3) Ask your brother hypothetical questions. How about, "How would he feel about shunning his children as discussed in the 15 July 2011 Watchtower?"

    4) Ask your brother about going on a fun vacation when the next assembly should be scheduled.

    5) Ask your brother more about his feelings about the flood.

    6) Send your brother an anonymous email like I wrote about in http://www.jehovahs-witness.net/watchtower/beliefs/211893/1/Youe28099ve-Got-Mail-TM

    Peace be with you and everyone, who you love,

    ABibleStudent

    M Black Sheep posted Wed, 13 Jul 2011 00:40:00 GMT(7/13/2011)

    Post 7380 of 9996
    Joined 8/8/2003

    Tell him nothing about your doubts.

    Just ask questions that encourage him to express his, or help him think of some more.

    Be the last one to out yourself.

    M steve2 posted Wed, 13 Jul 2011 02:41:00 GMT(7/13/2011)

    Post 3619 of 8249
    Joined 10/31/2004

    It would be great if your brother were on the way out, but don't make your own path dependent on your brother's. If he is on the way out, he's using a provocative way to do it; but as you say, he's always been that way. It's promising that he's questioning the flood. I like Black Sheep's suggestion of asking him questions

    M jwfacts posted Wed, 13 Jul 2011 07:21:00 GMT(7/13/2011)

    Post 5923 of 7908
    Joined 6/25/2005

    I wouldn't tell him anything for now. Use questions to make him open up to you. If he verbalises that he has doubts, let him discuss them with you. Even doubts do not mean he is willing to admit to himself that the Watchtower is not the true religion, or the best religion to belong to. I would be pretty certain that he is over it and also will not make trouble for you before telling him too much about where you stand.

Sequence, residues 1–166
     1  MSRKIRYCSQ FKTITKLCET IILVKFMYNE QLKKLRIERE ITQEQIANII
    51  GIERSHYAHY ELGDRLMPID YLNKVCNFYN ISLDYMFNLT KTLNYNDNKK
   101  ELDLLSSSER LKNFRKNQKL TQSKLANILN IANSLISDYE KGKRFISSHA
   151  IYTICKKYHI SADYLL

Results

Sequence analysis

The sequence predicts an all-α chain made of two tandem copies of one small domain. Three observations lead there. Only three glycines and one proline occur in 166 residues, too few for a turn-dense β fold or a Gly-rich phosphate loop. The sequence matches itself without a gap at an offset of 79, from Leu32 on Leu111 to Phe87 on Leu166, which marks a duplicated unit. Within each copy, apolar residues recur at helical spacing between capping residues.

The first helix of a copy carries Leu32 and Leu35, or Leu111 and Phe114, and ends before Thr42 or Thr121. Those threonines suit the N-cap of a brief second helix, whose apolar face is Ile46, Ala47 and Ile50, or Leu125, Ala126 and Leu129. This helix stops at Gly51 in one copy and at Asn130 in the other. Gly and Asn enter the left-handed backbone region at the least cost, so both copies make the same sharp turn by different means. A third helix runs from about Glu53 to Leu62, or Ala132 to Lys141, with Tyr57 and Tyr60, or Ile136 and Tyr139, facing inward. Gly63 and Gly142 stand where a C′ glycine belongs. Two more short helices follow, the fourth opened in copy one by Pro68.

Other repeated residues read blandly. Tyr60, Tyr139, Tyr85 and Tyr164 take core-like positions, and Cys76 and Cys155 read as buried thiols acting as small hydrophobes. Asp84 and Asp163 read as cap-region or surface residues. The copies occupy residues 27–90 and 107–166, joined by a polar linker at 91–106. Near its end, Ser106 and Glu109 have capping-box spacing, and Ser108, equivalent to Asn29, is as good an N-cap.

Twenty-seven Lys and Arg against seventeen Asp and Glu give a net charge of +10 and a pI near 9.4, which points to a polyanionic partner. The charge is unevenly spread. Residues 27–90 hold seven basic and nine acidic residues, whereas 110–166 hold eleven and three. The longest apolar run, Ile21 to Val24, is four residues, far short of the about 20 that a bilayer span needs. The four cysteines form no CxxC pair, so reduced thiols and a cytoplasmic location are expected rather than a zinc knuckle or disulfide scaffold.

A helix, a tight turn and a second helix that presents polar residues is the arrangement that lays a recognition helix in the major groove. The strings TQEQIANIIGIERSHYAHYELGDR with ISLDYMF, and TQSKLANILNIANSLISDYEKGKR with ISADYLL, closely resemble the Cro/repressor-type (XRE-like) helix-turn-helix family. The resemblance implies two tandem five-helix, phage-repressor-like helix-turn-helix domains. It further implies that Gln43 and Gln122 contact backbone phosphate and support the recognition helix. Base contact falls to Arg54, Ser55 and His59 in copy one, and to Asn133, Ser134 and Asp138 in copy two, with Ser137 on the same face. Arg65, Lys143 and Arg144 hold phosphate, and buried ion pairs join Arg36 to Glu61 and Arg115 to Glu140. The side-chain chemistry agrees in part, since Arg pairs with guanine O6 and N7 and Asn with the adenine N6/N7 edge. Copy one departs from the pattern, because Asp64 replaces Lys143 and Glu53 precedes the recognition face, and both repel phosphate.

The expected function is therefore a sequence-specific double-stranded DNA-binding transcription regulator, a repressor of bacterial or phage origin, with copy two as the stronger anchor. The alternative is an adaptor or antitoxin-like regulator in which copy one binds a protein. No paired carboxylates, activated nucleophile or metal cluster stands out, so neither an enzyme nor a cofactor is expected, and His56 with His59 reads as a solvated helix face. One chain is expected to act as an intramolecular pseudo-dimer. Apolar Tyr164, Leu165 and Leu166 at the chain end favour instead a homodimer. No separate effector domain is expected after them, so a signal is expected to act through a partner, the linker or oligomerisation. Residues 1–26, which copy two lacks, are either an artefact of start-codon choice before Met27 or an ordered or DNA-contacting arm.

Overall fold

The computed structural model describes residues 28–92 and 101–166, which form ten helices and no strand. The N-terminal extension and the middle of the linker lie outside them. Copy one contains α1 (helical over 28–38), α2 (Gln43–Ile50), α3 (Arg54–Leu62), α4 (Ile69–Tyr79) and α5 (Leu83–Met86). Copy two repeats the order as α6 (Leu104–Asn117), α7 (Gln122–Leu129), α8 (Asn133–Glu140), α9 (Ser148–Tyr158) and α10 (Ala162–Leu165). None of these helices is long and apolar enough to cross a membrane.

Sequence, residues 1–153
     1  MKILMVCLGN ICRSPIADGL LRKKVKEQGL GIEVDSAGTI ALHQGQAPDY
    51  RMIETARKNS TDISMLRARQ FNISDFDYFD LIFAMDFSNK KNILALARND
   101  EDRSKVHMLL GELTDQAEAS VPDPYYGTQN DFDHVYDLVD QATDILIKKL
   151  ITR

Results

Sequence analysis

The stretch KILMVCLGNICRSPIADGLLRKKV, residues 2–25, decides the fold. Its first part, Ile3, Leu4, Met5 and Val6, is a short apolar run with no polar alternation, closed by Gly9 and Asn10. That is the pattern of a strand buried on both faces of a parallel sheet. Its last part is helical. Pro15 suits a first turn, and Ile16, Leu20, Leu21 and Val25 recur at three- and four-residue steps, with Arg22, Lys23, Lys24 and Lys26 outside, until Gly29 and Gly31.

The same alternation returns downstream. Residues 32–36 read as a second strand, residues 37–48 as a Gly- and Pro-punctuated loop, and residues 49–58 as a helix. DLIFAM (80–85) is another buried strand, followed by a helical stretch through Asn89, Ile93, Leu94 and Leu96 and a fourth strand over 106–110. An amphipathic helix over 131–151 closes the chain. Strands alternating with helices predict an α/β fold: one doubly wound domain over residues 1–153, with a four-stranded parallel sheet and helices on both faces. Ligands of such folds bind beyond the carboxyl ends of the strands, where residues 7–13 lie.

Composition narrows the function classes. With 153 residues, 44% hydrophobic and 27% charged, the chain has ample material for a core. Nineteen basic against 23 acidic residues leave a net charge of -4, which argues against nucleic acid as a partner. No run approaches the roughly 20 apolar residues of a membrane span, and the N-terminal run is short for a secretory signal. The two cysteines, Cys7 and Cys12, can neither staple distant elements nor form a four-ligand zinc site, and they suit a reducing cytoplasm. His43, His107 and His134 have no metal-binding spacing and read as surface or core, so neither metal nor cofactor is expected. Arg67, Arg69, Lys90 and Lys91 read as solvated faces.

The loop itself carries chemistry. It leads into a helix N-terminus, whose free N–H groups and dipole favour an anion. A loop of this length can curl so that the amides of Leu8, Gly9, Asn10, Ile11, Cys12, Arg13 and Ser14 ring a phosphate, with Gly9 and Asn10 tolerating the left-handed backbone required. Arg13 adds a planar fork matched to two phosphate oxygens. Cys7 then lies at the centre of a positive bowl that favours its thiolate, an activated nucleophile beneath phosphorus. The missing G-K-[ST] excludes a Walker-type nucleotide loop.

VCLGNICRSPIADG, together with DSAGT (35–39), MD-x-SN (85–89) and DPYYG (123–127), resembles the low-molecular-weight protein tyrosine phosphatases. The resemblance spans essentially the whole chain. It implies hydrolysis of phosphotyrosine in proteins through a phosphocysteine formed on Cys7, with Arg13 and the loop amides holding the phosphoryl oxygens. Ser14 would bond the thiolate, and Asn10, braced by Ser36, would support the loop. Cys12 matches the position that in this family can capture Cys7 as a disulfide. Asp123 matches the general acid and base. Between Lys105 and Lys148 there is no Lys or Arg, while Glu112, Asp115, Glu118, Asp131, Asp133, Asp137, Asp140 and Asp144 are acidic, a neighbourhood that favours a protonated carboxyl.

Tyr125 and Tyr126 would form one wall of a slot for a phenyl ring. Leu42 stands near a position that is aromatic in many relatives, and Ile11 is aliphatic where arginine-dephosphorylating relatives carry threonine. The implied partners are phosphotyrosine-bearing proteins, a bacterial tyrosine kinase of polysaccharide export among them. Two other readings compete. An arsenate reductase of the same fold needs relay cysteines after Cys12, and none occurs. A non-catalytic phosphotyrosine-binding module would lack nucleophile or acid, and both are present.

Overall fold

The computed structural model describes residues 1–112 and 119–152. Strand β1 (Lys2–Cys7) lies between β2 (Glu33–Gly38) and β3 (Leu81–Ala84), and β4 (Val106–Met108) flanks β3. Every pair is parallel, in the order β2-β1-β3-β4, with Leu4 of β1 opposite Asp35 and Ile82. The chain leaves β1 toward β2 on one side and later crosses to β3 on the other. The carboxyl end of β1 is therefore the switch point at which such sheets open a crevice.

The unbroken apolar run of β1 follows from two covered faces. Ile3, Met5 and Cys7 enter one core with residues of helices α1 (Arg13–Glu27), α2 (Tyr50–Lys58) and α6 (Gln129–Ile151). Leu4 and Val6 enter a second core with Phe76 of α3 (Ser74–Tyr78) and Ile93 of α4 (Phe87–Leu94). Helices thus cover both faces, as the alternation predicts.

Witness My Fury posted Wed, 13 Jul 2011 11:08:00 GMT(7/13/2011)

    Post 499 of 2719
    Joined 5/11/2010

    Go paintballing, spend time with him, be his friend and brother, ...but DO NOT BRING IT UP.

    If he mentions something, then go along with it and play it by ear. There is no "do or die" just take your time and if the timing isnt right be patient, there will be other times (unless you blow it now of course).

    Franklin Massey posted Wed, 13 Jul 2011 14:03:00 GMT(7/13/2011)

    Post 215 of 373
    Joined 1/5/2011

    The advice to play it cool and not say too much is good.

    IMO it's better to have JWs take "The Truth" lightly than to encourage them to have an anti-Watchtower attitude. Focus on the positive. Keep it light. Be patient until you know they are ready to fully let go and then just be there to catch them and comfort them.

    The Society is always trying to tighten the reigns. JWs have two options: submit and obey, or make up their own minds. If a JW has a more laid back attitude, they'll be able to ignore or laugh off trivial counsel and crazy doctrine. This is a comfortable way for them to slowly slip from the tight grasp of the Society's leadership. They'll be in a better state to entertain more doubts and questions. They'll feel at ease forming their own opinions and testing their own ideas. This builds confidence in the self and lessens dependence on the Society. Slowly, their minds become more open.

    On the other hand, if a negative tone is taken as to the Organization and it's teachings, a JW will instinctually feel guilty, uncomfortable and defensive. The mental blocks go up and they are more inclined to doubt themselves and run back to the presumed "safety" of the Society, which they equate with God. Any progress they made in opening their minds is reversed. They'll also remember who made them feel uncomfortable and either avoid you, or be less likely to discuss JW issues freely.